With the advent of capable phone cameras, the digicam market has been under pressure. Sony has decided to go ahead of the others, focussing on high quality, small form factor for the prosumer and pro-market. They gave us the NEX line, a full frame fixed lens compact, and now with interchangeable lenses, all with the best sensors, ability to shoot in very low light and fit into a small form. I find this move so attractive.

Nevertheless, I could make and an argument that for fashion or portrait photography in the studio, the Sigma DP Merrill trio, might be far better "task-matched choice", for those who seek clarity, detail, rich color, great transitions and 3D impressiveness. A focal length of ~ 75 mm is great for portraits and 45mm is fine for whole body. All possible if one can find or provide the light, as one shots at preferably ISO 100! The cost of each is under $1,000!

Asher
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Old November 6th, 2013, 02:17 PM
Jerome Marot Jerome Marot is online now
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Yes, the digicam market has been under pressure from phone cameras. Sony's camera division and Nikon are actually in dire straights, because they used to sell something like a zillion compact cameras and now they can barely convince the last person in patagonia who does not have a cell phone to buy a cybershot. Their earnings are down something like 12 billions yens to 2 kopecks.

But this does not explain why web 2.0. It is not only photo forums who seem to be populated by an army of clones. Maybe it is the NSA at work, they have big computers.
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  #21  
Old November 8th, 2013, 02:06 AM
Bart_van_der_Wolf Bart_van_der_Wolf is offline
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Hi,

Interesting information for users of Canon TS-E lenses.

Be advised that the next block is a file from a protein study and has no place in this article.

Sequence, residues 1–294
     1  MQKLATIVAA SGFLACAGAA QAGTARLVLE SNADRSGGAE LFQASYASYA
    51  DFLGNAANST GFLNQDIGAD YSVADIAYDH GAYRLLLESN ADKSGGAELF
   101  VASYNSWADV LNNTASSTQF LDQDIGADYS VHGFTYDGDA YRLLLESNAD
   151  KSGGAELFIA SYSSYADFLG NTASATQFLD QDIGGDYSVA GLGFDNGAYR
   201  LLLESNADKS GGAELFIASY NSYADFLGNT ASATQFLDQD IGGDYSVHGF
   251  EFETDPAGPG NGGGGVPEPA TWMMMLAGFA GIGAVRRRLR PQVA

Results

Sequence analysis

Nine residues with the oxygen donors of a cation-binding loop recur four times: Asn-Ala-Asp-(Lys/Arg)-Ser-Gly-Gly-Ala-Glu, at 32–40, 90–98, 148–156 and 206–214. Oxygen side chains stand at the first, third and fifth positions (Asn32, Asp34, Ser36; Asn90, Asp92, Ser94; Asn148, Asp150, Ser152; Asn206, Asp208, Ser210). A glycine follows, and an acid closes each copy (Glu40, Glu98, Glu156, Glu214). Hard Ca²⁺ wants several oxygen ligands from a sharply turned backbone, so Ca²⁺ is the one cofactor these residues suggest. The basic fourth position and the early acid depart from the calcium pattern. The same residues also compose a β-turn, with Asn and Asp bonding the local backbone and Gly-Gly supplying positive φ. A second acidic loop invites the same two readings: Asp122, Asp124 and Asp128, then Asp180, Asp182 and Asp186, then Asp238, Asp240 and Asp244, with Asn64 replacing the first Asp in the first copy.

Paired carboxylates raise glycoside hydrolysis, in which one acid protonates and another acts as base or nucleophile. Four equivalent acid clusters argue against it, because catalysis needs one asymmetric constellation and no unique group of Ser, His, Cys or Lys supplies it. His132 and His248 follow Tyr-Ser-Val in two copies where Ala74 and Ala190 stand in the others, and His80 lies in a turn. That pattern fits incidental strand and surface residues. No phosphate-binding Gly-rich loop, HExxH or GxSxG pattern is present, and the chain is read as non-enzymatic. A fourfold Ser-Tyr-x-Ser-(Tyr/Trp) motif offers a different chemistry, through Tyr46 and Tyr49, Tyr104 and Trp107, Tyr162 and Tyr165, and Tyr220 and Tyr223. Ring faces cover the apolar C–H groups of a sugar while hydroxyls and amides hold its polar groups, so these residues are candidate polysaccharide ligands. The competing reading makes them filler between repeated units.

Original Dutch publication.
English Google translation

Apparently even the TS-E 17mm lens can be used without issues, despite the narrower lens mount of the Sony. I have not tested it myself, but the above magazine has a good reputation and is targeted at professional photographers.

Only drawback of the Metabones Smart adapter III is the lack of autofocus for lenses that do offer it. The TS-E lenses are manual focus anyway, so that's not a real drawback.

Maybe the limited tethering support of the A7r will remain a hurdle for the use in a studio environment. We'll have to see how that works out once tethering is fully implemented in actual production models. Also implementing a wireless flash setup for the Sony will require jumping through some hoops, the Phottix Odin and some flash-shoe adapter seem to do the trick.

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Old November 8th, 2013, 10:21 AM
Asher Kelman Asher Kelman is offline
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My order for the A7R was cancelled by destiny. They discovered the price of $1600 was to low, even for amazon.com. So They just gave me a $100 credit as a consolation. Meanwhile, I'm getting so much shear joy out of my new 6D I purchased as a stop-gap after my youngest son "needed" my 5D Mrk II. The 6D, with the lenses I have is a blessing. It's lighter and grabs focus faster. I've not tried it tethered as yet as the immediacy of shooting a model anywhere, is just so comfortable!

Still, I imagine the A7R is in my future, but I might rent one for a weekend first!

Asher
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Old November 22nd, 2013, 10:24 AM
Asher Kelman Asher Kelman is offline
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DPReview has a very interesting test result of the Sony A7 and A7R using their new test chart.

(I miss so much the blue clock face on the old one!!!)

Have a look here and post your impressions.

How does it compare with the Nikon cameras shown?

Asher